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Authorities arrested two North Koreans for posing as defectors to South Korea and plotting to assassinate the highest ranking North Korean official ever to defect to Seoul, officials said Wednesday.
Hwang Jang-yop, a former secretary of the North's ruling Workers Party - who once mentored leader Kim Jong Il - defected to the South in 1997. He has written books and delivered lectures condemning Kim's regime as totalitarian and now lives under police protection 24 hours a day to prevent North Korean attempts on his life.
The arrest came as tensions escalated after a South Korean warship mysteriously exploded and sank last month near the North Korean border. Speculation is mounting that Pyongyang may be behind the blast.
On Tuesday, Seoul prosecutors arrested two North Korean army majors for entering South Korea by posing as ordinary defectors with an alleged mission to kill the 87-year-old Hwang, according to Seoul Central District Prosecutors' Office.
The two, both 36, confessed to investigators that their military boss ordered them to report about Hwang's activities in South Korea and be ready to "slit the betrayer's throat," said a senior district prosecutor on condition of anonymity because he wasn't authorized to speak to the media.
The men, Kim Myong Ho and Dong Myong Kwan, entered South Korea in January and February via Thailand. Their plot was revealed while they underwent an intense investigation on their motive for defecting, the prosecutor said. The duo allegedly violated the National Security Law, which carries a maximum sentence of death upon conviction, he said.
A spokesman at the National Intelligence Service confirmed the arrest of the men but didn't provide additional details. He spoke on condition of anonymity, citing an office policy.
Several death threats against Hwang - apparently made by South Koreans sympathizing with North Korea - have been reported. But it was the first time North Korean agents have been arrested for an assassination plot against Hwang, the prosecutor said.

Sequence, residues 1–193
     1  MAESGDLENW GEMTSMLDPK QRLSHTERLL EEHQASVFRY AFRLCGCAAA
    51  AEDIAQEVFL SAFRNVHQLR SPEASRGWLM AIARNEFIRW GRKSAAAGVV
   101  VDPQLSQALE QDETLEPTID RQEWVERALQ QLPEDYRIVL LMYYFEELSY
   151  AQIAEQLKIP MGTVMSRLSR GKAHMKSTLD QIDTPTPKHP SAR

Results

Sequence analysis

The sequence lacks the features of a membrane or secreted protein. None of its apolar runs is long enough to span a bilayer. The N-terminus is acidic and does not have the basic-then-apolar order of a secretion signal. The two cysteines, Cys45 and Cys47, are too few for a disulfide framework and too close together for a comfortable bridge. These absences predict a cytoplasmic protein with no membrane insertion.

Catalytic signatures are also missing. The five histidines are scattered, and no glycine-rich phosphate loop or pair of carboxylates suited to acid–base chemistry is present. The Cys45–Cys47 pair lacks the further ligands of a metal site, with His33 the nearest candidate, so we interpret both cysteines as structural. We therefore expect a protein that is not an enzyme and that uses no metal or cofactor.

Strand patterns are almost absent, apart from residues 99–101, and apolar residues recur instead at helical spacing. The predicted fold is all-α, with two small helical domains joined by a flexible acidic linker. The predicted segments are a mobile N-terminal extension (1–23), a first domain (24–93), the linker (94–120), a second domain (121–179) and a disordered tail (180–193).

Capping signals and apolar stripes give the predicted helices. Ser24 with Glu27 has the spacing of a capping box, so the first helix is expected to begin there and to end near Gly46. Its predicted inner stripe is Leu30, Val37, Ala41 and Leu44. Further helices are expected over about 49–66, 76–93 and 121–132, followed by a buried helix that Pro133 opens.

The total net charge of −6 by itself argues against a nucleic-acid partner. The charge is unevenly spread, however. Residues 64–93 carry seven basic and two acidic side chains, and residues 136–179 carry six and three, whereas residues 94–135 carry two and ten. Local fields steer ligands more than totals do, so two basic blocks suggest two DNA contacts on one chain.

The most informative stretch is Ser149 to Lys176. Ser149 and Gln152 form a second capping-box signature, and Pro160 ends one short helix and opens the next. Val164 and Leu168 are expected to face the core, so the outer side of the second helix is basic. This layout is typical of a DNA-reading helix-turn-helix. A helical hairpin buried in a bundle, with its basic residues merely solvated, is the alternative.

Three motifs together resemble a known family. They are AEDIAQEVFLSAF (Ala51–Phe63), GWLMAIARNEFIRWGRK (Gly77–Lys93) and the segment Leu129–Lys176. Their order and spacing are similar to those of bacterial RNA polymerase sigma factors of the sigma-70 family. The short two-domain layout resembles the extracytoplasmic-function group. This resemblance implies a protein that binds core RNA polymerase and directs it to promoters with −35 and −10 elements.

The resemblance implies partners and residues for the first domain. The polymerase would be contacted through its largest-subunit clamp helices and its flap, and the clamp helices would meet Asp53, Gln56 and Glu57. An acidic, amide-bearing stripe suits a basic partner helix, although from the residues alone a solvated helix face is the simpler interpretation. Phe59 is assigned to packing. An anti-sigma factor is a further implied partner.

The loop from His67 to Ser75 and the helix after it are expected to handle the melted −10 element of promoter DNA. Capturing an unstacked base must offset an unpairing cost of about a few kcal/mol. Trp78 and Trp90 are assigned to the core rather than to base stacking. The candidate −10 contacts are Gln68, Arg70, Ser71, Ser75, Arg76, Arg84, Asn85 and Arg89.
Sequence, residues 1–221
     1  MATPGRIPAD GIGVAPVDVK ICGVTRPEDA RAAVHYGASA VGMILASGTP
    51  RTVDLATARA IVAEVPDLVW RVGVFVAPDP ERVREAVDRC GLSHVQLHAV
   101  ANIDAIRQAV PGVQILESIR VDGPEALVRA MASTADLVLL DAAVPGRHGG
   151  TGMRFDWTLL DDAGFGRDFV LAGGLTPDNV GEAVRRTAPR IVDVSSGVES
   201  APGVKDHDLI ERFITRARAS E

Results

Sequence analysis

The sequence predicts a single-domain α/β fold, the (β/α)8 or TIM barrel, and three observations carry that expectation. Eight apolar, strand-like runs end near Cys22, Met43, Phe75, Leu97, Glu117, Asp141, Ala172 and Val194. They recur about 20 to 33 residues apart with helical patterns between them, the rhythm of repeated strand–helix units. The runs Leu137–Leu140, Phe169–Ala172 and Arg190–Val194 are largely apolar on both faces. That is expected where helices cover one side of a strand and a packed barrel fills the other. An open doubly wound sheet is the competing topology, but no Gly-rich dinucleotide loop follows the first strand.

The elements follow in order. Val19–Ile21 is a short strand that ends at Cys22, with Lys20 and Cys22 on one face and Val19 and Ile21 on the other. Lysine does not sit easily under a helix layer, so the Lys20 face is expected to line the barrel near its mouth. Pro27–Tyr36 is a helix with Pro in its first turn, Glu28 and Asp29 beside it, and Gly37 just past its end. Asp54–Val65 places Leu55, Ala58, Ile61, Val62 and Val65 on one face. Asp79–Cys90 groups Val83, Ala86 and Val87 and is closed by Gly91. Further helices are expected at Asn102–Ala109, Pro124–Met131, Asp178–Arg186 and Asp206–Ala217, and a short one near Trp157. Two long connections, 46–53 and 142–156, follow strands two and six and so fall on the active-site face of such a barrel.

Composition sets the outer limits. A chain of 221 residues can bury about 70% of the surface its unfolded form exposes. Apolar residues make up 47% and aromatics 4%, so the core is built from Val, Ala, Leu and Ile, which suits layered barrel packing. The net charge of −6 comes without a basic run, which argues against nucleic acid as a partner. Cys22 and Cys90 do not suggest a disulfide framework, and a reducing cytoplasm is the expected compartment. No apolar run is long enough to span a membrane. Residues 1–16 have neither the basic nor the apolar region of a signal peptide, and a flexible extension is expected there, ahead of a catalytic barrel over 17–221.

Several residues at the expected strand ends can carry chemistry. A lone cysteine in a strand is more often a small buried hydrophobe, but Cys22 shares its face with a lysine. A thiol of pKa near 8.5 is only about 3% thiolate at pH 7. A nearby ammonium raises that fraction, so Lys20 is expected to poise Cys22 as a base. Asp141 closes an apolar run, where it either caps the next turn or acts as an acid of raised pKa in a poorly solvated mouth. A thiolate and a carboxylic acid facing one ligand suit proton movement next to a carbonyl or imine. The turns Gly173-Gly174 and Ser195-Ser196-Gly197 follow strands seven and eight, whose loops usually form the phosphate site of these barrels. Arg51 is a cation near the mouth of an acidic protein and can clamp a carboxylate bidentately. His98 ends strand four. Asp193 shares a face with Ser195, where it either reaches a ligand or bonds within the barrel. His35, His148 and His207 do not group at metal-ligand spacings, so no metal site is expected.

In 1997, a nephew of one of Kim's former wives - Lee Han-young - was shot in 1997 in front of a Seoul apartment 15 years after defecting to the South. Officials never caught the assailants, but said they believe North Korean agents were responsible.
Hwang, who returned to Seoul earlier this week after a rare trip to the U.S., wasn't surprised at the news of the plot, Yonhap news agency reported Wednesday, citing an unidentified acquaintance of Hwang's.
"I called Hwang after watching news of the agents' arrest, but he told me, 'Why are you concerned about such a thing?' " the acquaintance was quoted as saying.
Hwang, speaking to journalists and academics in Washington late last month, harshly criticized North Korea's authoritarian communist regime and said he decided to flee the North after Kim's policies led to mass starvation in the mid-1990s. He said he has no regrets about his decision.
"Everybody other than (leader) Kim Jong Il in North Korea are slaves, serfs," Hwang said through an interpreter at the time.
Hwang said that change in the North can come only through diplomacy and economic means, not military force.
It was his second trip to the U.S. South Korea's previous liberal governments restricted Hwang's overseas travel because of worries that his criticism of North Korea could complicate efforts to reconcile with Pyongyang, and he could become a target for assassination. South Korea's current conservative government lifted that ban, saying it amounted to a human rights violation.
This program aired on April 21, 2010. The audio for this program is not available.
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